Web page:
Presently, people only with intractable (drug-resistant) epilepsy are allowed to opt for medical cannabis in Texas. However, with the passage of House Bills 3703 and 1365, the medical marijuana landscape in Texas is all set to change, although a little late.
The two cannabis bills, passed by the Texas House of Representatives, will now allow medical marijuana access to a diverse set of patients:
While HB 3703 would add multiple sclerosis, epilepsy and spasticity to the list of qualifying debilitating conditions, HB 1365 would include autism, Alzheimer’s, Crohn’s Disease, muscular dystrophy, Huntington’s disease, PTSD and Parkinson’s disease.
Furthermore, the latter bill also decriminalizes a parent administering medical marijuana to “a child for whom the medical marijuana was recommended.”
HB 3703 which was introduced to the House Floor by Rep. Stephanie Klick, who is also a registered nurse, told her counterparts in a speech on Tuesday, “I have seen the advantages of expanding the condition list.” She added that more data is required to see if this medication helps other conditions.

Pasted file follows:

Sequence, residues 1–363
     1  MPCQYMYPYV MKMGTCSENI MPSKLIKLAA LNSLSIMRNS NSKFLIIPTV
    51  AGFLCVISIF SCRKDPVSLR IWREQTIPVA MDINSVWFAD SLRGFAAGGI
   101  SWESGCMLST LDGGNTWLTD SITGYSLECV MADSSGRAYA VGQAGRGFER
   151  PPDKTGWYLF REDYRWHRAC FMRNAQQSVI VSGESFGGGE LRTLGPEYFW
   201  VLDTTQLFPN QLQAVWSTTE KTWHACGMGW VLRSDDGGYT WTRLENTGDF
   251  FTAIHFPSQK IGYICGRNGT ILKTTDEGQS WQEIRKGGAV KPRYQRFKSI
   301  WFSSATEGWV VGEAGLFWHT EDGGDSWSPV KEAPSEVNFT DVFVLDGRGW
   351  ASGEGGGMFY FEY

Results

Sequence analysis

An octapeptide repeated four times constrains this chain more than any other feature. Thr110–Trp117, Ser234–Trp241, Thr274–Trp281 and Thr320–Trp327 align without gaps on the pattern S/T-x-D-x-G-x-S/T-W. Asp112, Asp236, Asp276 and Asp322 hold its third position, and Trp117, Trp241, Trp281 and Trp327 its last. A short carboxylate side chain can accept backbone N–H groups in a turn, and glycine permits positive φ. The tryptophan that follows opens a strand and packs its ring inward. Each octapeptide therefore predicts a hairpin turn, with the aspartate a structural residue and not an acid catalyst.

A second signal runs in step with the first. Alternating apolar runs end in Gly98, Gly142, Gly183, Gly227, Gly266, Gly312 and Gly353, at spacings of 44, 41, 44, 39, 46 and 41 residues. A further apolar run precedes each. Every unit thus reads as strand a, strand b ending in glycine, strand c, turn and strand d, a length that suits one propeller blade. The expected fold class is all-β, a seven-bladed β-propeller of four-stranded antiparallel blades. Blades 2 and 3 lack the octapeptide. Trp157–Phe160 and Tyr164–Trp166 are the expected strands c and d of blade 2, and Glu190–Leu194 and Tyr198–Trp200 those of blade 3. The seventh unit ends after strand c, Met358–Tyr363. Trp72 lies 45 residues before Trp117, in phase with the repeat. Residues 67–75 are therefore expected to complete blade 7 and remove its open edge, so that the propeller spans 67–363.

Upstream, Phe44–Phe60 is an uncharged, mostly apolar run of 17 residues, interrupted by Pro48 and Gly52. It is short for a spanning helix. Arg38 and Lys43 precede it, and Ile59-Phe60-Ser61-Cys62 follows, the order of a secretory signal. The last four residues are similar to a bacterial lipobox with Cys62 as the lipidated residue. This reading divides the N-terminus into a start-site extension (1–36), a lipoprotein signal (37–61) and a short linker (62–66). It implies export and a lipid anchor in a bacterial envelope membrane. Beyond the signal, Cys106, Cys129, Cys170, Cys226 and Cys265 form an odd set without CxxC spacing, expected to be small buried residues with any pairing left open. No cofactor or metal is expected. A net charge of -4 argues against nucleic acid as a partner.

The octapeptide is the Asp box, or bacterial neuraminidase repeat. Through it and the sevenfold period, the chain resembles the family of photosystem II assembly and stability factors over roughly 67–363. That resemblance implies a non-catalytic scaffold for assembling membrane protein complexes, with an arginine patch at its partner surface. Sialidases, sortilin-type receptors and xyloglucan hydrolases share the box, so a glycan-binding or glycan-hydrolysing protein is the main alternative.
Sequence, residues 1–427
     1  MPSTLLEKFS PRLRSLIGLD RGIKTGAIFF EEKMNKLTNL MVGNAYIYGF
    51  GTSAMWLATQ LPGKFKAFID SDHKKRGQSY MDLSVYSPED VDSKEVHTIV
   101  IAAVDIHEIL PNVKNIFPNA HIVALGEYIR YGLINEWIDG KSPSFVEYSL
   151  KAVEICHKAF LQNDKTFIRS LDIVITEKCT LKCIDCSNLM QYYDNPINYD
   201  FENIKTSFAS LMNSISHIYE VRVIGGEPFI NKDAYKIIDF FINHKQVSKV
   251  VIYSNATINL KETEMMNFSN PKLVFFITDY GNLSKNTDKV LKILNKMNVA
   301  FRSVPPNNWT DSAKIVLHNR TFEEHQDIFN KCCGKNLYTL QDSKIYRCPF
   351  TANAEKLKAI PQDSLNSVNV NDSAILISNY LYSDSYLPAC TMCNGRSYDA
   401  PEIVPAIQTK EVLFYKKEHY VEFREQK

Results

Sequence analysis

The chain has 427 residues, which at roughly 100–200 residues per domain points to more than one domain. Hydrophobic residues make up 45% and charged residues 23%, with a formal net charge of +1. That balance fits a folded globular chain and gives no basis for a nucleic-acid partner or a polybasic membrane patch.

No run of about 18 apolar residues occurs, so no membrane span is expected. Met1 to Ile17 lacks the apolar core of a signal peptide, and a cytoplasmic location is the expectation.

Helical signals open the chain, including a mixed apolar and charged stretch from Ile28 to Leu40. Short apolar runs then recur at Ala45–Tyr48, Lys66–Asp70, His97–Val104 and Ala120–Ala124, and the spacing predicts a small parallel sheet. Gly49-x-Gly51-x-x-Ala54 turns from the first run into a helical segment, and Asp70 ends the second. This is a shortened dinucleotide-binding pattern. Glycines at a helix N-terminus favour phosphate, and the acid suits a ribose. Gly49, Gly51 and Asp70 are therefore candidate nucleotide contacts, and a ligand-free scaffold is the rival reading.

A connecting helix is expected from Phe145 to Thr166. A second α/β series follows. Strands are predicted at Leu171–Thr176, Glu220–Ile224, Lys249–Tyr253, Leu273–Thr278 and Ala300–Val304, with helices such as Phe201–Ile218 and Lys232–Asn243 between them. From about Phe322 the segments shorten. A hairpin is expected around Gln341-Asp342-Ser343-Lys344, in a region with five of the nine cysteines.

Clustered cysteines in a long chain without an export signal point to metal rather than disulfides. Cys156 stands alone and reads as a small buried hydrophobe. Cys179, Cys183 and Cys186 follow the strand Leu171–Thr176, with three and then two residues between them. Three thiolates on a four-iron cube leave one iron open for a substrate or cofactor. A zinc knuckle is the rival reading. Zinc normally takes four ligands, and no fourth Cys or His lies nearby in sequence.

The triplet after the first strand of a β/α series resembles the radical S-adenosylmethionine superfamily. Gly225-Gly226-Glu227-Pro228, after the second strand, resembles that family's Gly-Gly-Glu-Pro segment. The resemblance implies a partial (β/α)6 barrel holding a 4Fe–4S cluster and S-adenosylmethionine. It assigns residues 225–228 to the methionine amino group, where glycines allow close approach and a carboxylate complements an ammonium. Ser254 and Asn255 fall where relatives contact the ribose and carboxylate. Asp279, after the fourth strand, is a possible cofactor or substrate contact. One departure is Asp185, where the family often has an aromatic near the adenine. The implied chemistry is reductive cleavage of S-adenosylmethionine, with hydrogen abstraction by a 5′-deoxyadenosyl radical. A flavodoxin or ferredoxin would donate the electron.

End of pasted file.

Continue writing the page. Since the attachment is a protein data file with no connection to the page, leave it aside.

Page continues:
“Our state-of-the-art research facilities here in Texas are well suited to participate in this research.” Notably, the bill passed 133-10 the following day.
Not many people know this but Rep. Klick was the one behind the passage of the original Compassionate Use Act too that made only intractable epilepsy the only qualifying condition for a patient to receive medical cannabis.
At present, only three dispensaries are allowed to operate in the Lone Star State. However, HB 3703 can increase the number to 12 “if the Texas Department of Public Safety determines more dispensaries are required to meet the patients’ needs,” says an article published in Texas Tribune.
Both bills now would now undergo further debate by the Senate.